Big Events are a lot of work. It doesn’t matter if you are the host or the vendor. Each one plays a part to create it! Big or small, outdoor or indoor, intimate settings or big halls. Everybody needs to be on board with the vision and realities of the event. Both vendor and client have expectations which sometimes simple and effective communication can make easier on everyone.
1. Getting the question “How much does it cost? This is a difficult question for most vendors to give you during an initial consultation. There are so many factors that go into pricing an event. Aside from the actual price of the items, there is experience, time and artistry, and most importantly service. Trying to be competitive is always a tightrope walked. A client has no clue how much time is spent in the inital phases of the job. Consultations, working out a quote, emails, ordering processing and bookkeeping. That doesn’t include the actual preparing, set up & day of event.
How Brides N Blooms, Wholesale & Designs likes to handle this situation is by flipping it around to the client and asking “What is your budget?” Or, “If I tell you your flowers will cost ‘this much’, how would you feel about that?” That helps a client figure out their comfort level and helps you, the vendor, figure out what you are able to do to match the client’s wants and what you are able to provide.
2. Constant Emails and changes…
It is the nature of this business to do a lot of cross communicating with email. However, if a client is continually changing their mind, or over obsessing with details, it becomes difficult for a vendor to be effective at their job. Too many changes, too many requests about minute details and freak outs can sometimes create problems in the final product. The client will not necessarily remember everything that was said or changed and if what is remembered is different than what the client thought, there will be disappointment all around. A vendor wants as much as the client does for everything to be right!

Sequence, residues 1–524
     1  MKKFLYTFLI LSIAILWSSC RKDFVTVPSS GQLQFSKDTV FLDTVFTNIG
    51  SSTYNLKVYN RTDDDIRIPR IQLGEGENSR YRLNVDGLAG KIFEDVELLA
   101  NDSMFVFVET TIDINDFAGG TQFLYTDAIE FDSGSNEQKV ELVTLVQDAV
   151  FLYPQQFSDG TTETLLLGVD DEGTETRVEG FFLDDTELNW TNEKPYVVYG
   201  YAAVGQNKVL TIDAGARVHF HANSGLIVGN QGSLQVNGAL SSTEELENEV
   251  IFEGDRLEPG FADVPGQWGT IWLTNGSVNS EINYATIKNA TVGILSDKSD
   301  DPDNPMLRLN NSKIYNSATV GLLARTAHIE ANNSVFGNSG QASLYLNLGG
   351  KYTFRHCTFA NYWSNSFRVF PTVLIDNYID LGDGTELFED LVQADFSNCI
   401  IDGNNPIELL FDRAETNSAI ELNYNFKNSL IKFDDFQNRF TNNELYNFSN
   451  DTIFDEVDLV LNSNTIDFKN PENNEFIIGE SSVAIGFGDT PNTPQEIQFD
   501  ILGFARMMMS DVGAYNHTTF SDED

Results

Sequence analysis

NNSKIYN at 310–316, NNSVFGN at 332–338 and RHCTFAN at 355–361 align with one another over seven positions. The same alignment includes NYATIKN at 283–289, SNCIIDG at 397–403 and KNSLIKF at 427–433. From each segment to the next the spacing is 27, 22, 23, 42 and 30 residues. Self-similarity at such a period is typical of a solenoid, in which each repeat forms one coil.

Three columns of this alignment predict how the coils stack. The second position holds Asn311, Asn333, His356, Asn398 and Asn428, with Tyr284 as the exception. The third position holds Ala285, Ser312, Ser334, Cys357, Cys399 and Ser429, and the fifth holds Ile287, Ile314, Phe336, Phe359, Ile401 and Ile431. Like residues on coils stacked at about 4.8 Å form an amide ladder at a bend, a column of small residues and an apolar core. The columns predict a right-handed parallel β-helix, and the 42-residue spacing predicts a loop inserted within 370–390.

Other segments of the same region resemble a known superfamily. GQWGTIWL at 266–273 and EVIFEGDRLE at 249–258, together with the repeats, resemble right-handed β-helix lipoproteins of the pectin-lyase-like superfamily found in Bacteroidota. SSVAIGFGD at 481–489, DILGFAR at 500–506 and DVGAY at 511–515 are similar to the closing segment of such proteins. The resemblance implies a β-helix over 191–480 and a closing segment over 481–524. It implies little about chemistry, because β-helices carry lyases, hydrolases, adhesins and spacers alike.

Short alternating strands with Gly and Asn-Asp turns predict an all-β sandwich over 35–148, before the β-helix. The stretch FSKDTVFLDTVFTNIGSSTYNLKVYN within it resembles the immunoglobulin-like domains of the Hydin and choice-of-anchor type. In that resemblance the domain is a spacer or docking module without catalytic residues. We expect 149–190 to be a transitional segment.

A good idea is to be clear in your consultations that ALL emails will be answered within a certain time frame. As the vendor, you can make sure your reply is clear and itemized with a subject line that is labeled for that particular issue/question. For the client, ask lots of questions, be very detailed in what you want and trust that the vendor you are choosing is a qualified, capable professional.
3. Don’t Assume Anything
This works both ways… Vendors and Clients. Communication just as in any relationship, is ultimately the key to making sure you get what you pay for and the vendor knows exactly what you want. As a vendor we hear many times a client say “Whatever you think is best! You are the professional”. Those are dangerous words for a vendor to take literally. What visions a client may have in their head many times will not be quite the same as what the vendor is envisioning.
As a vendor, have pictures or literature explaining your work. As a client, have pictures and a prepared list of what you want. Everyone may not be literal…but we all are visual in this industry. A picture is worth a thousand words… and a list is both a vendor and client’s best friend.
Make sure no matter which end of the spectrum you sit, vendor or host, you are honest, communicative and realistic. That way we all can work together to make your event a great one!
Now go out and have yourself a wholesale, fresh flower, communicative day!